Dear readers, I hope everyone has been able to resume their day to day activities without being blown completely off course by the torrid weather conditions. For those of you not based in the Atlanta area, we had some snow and many county offices were crippled this past week. I’m originally from Chicago, but I guess they haven’t figured out the secret of salt on snow down here. But I digress…I want to communicate a new agenda to you for this year.
These past few weeks I’ve been thinking about what music journalism means to me and how this tiny blog fits in the midst of the massive blogosphere and music publications industry. The conclusion I’ve reached is simple – the music industry is like an aquarium, it’s a big tank full of all kinds of fishy personalities swimming and lurking about. The stereotypical image of record labels and label executives is that they are the sharks and the artists are the minnows. In reality, many artists are also sharks and predator fish that swim near the bottom of the tank. The labels are bigger sharks, but they closely resemble dim-witted schools of fish that cluster together at the sight of danger. In this underwater scenario, music journalists deserve a place too. The music journalists are the bottom feeders that suck the algae off the tank, their sole purpose is to digest the shit produced within the tank and regurgitate it so another unsuspecting bottom feeder creature can suck it up.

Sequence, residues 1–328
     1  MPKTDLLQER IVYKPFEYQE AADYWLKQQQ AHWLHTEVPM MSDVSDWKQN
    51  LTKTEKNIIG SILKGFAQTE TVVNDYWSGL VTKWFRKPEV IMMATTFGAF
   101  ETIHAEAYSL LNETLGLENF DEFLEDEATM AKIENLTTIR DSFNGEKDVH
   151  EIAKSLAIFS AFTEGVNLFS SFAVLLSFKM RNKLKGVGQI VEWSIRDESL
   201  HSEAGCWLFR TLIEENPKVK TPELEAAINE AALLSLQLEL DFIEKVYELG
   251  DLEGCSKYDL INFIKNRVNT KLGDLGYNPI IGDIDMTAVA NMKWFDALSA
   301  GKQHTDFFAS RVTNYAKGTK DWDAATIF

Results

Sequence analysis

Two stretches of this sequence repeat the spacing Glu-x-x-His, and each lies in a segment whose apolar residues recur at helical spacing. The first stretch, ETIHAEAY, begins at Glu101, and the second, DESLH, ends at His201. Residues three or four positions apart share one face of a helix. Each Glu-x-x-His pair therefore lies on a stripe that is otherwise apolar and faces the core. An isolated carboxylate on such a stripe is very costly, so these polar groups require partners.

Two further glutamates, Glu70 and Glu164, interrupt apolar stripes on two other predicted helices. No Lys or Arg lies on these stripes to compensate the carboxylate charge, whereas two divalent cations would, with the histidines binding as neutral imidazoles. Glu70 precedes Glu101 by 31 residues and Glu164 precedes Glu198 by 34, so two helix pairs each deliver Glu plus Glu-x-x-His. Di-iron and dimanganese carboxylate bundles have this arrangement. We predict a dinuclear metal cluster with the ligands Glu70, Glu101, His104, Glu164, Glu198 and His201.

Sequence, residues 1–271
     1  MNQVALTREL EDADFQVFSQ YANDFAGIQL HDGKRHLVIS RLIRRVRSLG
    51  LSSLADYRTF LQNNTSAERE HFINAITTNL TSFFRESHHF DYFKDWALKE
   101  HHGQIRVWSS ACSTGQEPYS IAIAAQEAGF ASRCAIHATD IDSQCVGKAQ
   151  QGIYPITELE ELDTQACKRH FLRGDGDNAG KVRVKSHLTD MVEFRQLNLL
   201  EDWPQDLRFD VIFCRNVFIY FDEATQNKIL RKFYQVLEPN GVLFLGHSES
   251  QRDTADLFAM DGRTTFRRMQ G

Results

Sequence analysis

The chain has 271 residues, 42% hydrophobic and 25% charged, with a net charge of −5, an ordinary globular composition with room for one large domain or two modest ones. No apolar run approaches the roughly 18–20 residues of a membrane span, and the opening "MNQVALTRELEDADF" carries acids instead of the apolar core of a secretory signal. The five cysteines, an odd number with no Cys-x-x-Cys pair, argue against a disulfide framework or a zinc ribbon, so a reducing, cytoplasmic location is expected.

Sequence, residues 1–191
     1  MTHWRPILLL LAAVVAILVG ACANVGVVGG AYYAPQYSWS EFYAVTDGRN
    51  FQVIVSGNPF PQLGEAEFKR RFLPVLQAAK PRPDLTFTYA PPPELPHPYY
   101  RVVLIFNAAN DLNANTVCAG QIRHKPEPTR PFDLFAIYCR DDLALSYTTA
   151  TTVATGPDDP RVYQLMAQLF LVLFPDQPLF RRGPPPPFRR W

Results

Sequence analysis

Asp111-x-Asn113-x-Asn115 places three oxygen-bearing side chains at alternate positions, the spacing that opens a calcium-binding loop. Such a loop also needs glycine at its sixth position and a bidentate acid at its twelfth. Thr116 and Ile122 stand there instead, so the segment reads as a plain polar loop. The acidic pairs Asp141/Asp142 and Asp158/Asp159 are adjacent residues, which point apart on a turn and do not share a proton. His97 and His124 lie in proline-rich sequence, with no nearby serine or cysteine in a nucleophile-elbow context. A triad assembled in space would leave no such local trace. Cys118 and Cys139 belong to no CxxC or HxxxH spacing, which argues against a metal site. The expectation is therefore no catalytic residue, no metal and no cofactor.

Music journalism is a touchy thing to me. Most music journalists do not play instruments, they don’t perform music, they do not have a knowledge of music theory or a formal background in musicology, yet they are responsible for dictating what’s hot and what’s not in pop culture news and media. These people have often failed at their own trade and are nowhere being masters of journalism. I see grammatical errors in album reviews that would make a halfway competent copy editor want to jump off a building without a second thought. All of this is both strangely peculiar and entertaining to me.
I started Shot From Guns with the intent of writing from the musician’s perspective. I’ve been in four bands, I played music half my life and I’m not some fat, balding middle aged man trying to tell you what’s cool. I could care less about what’s cool; I care about what connects with people. And a cheesy gimmick plus a $10,000 pr campaign won’t cut it.
For 2011, I want to focus on showcasing interesting and eclectic events being held by local artists. I feel that by showcasing these events in the featured shows of the week posts and show calendar, I can help artists a bit more by getting people out to their shows and the places where it really matters. In addition, I will continue to interview people who I feel are trendsetters and paving their own paths. I’m very proud of the interviews I’ve conducted so far, if you do a search in the search engine, you will see great interviews from people like John Balzary of Baroness, Robin Guthrie, Gavin Frederick of Stickfigure Records, and one of my idols Munehiro Narita of the band High Rise. That interview was conducted in Japanese and English so that was interesting to say the least. But there are many more interviews on this site.
I may not always be able to update this site, but when I do I promise I will include content that I feel is noteworthy and exceptional, content that will challenge you and hopefully things that will motivate you to get out your house and get involved in a few local events. Take care.
Sincerely, Taylor A. Northern